â€śApproximate Bayesian Computationâ€ť methods, also known colloquially as â€śsimulation-based inferenceâ€ť methods, introduce a distance metric on the model configuration space to quantify how close simulated data are to the observed data.

Formally we propose some model configuration \tilde{\theta}, which is often a sample from the prior but could also be generated in other ways, simulate data conditional on that model configuration,

\tilde{y}' \sim \pi(y \mid \tilde{\theta}),

evaluate the distance between the observed data and the simulated data,

d( \tilde{y}, \tilde{y}' ),

and the reject the sample if the distance is above some threshold,

d( \tilde{y}, \tilde{y}' ) > \epsilon.

The theory behind this method isâ€¦a little flimsy. What one can show is that in certain cases if the posterior concentrates to a point with infinite data then in the limit \epsilon \rightarrow 0 this simulation-based rejection procedure will also return that point. It is much, much harder to say anything about what happens when \epsilon > 0 or when we have only finite data so that the posterior distribution does not collapse to a point. Many people naively assume that these methods generate approximate posterior samples which can be used to estimate posterior expectation values, but the theory doesnâ€™t actually support that!

In practice we canâ€™t take \epsilon = 0 or else we would just reject everything. The smaller the threshold the better the samples will hopefully approximate exact posterior samples, but also the more likely we are to reject samples. Just as in rejection sampling the ultimately performance of any such technique strongly depends on just how well we can propose model configurations from the posterior typical set in the first place.

The bigger problem, however, is the distance metric itself. The choice of distance metric corresponds to a choice of what properties of the observational space are compared to inform a rejection. For example a distance metric might only consider some components of the space, ignoring others, or only some summaries, such as comparing centrality but ignoring breadth. This is why the distance function is often referred to a â€śsummary statisticâ€ť. These Approximate Bayesian Computation methods only reject model configurations that give rise to simulated data sets with the wrong summaries *even if the simulations themselves look very different from the observed data in other ways*!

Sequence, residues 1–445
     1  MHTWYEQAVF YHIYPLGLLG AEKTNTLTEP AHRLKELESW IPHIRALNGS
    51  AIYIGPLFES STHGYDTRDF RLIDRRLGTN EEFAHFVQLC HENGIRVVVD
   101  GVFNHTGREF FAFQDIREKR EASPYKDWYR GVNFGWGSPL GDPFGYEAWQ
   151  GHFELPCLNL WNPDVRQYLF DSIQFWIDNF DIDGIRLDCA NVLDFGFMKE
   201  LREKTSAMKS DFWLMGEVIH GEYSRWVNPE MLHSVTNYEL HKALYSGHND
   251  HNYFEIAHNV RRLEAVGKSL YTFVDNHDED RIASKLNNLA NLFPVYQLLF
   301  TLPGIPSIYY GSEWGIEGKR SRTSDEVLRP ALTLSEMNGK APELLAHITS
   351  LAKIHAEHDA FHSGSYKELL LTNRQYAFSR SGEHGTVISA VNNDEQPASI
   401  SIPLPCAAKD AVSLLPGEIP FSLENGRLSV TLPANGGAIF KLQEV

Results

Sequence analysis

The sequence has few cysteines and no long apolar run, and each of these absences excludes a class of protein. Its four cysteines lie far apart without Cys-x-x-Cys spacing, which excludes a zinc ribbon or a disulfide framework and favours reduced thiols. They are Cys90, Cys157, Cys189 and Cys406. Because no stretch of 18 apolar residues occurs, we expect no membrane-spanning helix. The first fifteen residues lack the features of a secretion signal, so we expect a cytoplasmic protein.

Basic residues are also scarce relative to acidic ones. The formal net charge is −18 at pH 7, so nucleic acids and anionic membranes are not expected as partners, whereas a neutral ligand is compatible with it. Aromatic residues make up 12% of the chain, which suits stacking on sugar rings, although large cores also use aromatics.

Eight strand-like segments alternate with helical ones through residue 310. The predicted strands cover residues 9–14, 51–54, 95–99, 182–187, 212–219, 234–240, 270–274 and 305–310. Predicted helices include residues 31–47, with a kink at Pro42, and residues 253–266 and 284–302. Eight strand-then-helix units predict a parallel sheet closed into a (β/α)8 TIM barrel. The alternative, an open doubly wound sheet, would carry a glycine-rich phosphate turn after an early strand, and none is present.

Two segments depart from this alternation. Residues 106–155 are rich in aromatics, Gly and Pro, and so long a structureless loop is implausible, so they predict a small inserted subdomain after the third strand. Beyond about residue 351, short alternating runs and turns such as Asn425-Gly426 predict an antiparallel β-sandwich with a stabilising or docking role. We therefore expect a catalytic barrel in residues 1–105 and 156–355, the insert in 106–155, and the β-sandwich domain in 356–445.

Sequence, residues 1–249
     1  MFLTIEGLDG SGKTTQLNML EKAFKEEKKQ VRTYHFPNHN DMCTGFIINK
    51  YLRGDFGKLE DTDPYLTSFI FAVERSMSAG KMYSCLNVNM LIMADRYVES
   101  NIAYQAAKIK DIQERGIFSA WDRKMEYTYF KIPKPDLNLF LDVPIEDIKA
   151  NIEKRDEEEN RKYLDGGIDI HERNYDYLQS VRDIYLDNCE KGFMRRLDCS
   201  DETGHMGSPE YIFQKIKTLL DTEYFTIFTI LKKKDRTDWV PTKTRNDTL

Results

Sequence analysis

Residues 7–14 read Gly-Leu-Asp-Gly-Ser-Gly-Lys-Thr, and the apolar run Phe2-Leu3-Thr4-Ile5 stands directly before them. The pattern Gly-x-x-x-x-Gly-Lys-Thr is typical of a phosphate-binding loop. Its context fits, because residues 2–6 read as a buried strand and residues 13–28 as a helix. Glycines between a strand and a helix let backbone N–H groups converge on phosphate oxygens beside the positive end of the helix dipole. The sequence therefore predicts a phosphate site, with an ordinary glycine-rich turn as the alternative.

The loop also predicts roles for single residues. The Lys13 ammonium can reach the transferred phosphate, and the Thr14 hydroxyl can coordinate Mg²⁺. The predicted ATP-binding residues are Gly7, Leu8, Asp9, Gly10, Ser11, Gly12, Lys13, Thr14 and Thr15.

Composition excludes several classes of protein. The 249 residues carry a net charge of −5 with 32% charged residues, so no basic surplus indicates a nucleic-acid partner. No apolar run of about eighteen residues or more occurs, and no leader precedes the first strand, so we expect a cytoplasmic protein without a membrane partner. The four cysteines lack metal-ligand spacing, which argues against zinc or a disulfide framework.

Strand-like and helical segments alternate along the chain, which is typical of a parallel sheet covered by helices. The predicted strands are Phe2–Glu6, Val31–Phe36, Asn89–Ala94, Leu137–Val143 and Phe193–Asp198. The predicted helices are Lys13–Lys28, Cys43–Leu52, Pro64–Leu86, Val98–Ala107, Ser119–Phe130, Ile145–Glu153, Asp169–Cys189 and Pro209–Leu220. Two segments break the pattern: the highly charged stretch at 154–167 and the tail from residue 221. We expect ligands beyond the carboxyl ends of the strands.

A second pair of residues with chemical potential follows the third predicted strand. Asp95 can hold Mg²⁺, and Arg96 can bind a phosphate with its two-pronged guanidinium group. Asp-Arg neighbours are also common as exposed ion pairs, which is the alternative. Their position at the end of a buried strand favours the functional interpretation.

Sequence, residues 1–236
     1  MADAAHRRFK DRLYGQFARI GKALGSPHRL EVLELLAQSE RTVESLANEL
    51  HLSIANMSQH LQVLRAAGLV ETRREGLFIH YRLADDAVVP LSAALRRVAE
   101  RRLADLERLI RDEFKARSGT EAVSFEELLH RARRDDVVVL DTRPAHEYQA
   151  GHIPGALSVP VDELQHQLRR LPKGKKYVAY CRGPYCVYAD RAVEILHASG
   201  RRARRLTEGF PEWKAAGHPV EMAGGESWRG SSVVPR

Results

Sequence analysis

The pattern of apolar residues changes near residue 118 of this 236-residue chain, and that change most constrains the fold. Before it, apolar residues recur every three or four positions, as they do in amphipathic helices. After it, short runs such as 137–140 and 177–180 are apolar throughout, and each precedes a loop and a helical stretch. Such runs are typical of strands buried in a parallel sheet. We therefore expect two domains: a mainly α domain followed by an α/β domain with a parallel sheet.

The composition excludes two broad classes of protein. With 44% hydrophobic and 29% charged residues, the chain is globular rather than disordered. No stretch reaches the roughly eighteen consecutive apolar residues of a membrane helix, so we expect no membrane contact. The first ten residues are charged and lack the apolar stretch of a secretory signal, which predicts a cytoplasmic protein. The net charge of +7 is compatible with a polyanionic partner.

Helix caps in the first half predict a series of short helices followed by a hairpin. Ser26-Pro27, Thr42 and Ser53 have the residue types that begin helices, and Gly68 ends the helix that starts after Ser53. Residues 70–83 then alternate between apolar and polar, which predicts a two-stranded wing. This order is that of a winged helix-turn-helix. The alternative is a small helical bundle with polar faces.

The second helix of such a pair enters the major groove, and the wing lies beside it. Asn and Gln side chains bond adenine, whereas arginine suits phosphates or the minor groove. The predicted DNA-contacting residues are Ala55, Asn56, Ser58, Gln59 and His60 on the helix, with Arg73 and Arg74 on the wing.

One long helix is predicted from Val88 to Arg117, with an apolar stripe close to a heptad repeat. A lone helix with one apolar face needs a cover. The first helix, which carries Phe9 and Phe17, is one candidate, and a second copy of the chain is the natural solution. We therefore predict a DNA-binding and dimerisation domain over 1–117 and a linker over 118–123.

What this means is that even in the \epsilon \rightarrow 0 limit this procedure can return samples that look nothing like exact posterior samples. There is no guarantee that the output samples will be contained in the posterior typical set or expand into the entire posterior typical set. Consequently any posterior expectation value estimators derived from these samples can be arbitrarily wrong.

To summarize these â€śsimulation-basedâ€ť methods offer few if any guarantees for accurate posterior quantification. Typically more accurate posterior quantification requires either very clever proposal mechanisms or simply lots of proposals and the corresponding cost of generating many rejections for a single acceptance.

Because of these issues much of the statistical analysis has moved onto treating these methods not so much as approximate computation but rather approximate modeling. The simulation mechanisms and distance function together can be interpreted as defining an implicit likelihood function, and hence an implicit posterior distribution, with the rejection sampling generating exact samples from this model. How close this likelihood function and posterior distribution are to the actual likelihood function and posterior distribution specified by your model, however, is left completely unspecified. In that sense itâ€™s not Approximate (Bayesian Computation) but rather (Approximate Bayesian) Computation.

I spent a lot of time trying to make probabilisitic computation more feasible, and Iâ€™ve investigated these approaches quite a bit. In my informed opinion they are fundamentally flawed and should not be used in any meaningful analysis. Others, however, will have different opinions. There are many papers laying out variations of these methods and many packages implementing certain variations with which you can experiment. Just keep in mind your ultimate objective â€“ if itâ€™s to accurately quantify the posterior distribution then judge these methods by that criteria.